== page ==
This paper reports the localized selective treatment of vertically aligned carbon nanotubes, or CNT forests, for radial size modification of the nanotubes through a micro-scale glow plasma established on the material. An atmospheric-pressure DC glow plasma is shown to be stably sustained on the surface of the CNT forest in argon using micromachined tungsten electrodes with diameters down to 100 μm. Experiments reveal thinning or thickening of the nanotubes under the micro glow depending on the process conditions including discharge current and process time. These thinning and thickening effects in the treated nanotubes are measured to be up to ˜30% and ˜300% in their diameter, respectively, under the tested conditions. The elemental and Raman analyses suggest that the treated region of the CNT forest is pure carbon and maintains a degree of crystallinity. The local plasma treatment process investigated may allow modification of material characteristics in different domains for targeted regions or patterns, potentially aiding custom design of micro-electro-mechanical systems and other emerging devices enabled by the CNT forest.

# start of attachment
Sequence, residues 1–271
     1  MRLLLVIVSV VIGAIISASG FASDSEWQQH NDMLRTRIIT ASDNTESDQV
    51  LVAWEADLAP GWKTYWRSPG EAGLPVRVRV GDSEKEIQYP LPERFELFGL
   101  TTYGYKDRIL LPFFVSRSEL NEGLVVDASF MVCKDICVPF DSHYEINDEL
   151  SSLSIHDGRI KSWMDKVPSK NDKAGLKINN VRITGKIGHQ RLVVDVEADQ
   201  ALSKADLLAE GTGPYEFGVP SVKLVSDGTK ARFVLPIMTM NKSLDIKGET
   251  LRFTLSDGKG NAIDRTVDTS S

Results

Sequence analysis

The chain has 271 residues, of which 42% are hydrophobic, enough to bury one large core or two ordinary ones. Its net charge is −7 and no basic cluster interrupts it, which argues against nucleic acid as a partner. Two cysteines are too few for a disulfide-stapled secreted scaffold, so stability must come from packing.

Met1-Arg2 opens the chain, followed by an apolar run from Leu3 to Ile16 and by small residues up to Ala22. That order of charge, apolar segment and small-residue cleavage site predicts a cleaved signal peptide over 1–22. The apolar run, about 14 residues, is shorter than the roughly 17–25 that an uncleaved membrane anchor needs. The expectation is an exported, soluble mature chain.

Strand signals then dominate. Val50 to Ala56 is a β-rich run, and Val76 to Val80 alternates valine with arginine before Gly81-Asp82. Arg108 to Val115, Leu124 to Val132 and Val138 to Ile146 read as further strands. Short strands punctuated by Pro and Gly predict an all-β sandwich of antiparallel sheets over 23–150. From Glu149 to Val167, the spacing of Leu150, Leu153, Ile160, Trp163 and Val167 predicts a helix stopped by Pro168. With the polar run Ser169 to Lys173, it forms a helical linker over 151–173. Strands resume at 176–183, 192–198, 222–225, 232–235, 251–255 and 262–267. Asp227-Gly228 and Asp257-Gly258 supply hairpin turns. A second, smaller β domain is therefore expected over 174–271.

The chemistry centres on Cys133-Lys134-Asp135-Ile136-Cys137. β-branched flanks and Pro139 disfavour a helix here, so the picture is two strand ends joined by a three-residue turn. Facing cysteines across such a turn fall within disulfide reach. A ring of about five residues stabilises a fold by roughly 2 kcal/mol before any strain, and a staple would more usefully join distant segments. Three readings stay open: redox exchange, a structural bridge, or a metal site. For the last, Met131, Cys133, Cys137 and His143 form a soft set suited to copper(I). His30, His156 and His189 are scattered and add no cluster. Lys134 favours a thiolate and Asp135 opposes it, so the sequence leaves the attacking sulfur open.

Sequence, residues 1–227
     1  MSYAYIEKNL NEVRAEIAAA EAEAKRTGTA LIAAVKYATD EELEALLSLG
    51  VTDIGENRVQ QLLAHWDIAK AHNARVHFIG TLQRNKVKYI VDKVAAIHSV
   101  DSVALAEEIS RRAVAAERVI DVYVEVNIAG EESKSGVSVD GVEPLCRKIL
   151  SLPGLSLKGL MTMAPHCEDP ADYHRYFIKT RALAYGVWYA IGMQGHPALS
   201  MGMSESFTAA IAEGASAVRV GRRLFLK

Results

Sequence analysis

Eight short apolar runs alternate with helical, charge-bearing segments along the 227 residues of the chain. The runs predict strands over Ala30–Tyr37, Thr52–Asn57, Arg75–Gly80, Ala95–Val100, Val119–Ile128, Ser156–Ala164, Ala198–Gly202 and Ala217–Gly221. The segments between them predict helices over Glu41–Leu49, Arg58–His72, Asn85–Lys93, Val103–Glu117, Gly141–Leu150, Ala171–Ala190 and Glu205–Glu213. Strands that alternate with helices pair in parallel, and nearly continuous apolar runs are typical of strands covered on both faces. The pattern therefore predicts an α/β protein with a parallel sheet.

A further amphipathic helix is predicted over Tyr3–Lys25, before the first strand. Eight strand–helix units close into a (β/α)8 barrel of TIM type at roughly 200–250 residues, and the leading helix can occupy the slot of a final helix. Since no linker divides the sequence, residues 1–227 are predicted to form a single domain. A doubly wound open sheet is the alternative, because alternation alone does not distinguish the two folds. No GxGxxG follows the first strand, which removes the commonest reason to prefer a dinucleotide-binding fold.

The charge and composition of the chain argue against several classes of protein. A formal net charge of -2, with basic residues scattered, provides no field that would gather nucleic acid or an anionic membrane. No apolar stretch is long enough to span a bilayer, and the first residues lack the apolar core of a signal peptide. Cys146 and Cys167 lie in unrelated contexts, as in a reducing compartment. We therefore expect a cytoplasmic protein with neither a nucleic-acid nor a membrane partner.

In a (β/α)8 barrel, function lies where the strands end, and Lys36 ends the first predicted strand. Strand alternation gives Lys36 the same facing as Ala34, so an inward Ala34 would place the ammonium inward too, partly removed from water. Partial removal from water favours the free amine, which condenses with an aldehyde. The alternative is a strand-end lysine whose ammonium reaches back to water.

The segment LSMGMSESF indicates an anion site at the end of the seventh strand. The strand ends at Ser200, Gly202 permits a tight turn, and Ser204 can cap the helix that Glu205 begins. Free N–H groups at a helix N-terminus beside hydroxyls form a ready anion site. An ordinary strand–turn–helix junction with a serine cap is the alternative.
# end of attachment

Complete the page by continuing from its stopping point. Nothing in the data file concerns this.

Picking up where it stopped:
12. Atmospheric sampling glow discharge ionizataion and triple quadrupole tandem mass spectrometry for explosives vapor detection

    SciTech Connect

    McLuckey, S.A.; Goeringer, D.E.; Asano, K.G.; Hart, K.J.; Glish, G.L.; Grant, B.C.; Chambers, D.M.

    1993-08-01